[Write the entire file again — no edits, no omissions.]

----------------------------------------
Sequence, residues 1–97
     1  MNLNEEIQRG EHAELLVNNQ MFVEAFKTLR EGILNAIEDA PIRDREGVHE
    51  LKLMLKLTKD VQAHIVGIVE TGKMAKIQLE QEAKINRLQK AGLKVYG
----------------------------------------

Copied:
Sequence, residues 1–97
     1  MNLNEEIQRG EHAELLVNNQ MFVEAFKTLR EGILNAIEDA PIRDREGVHE
    51  LKLMLKLTKD VQAHIVGIVE TGKMAKIQLE QEAKINRLQK AGLKVYG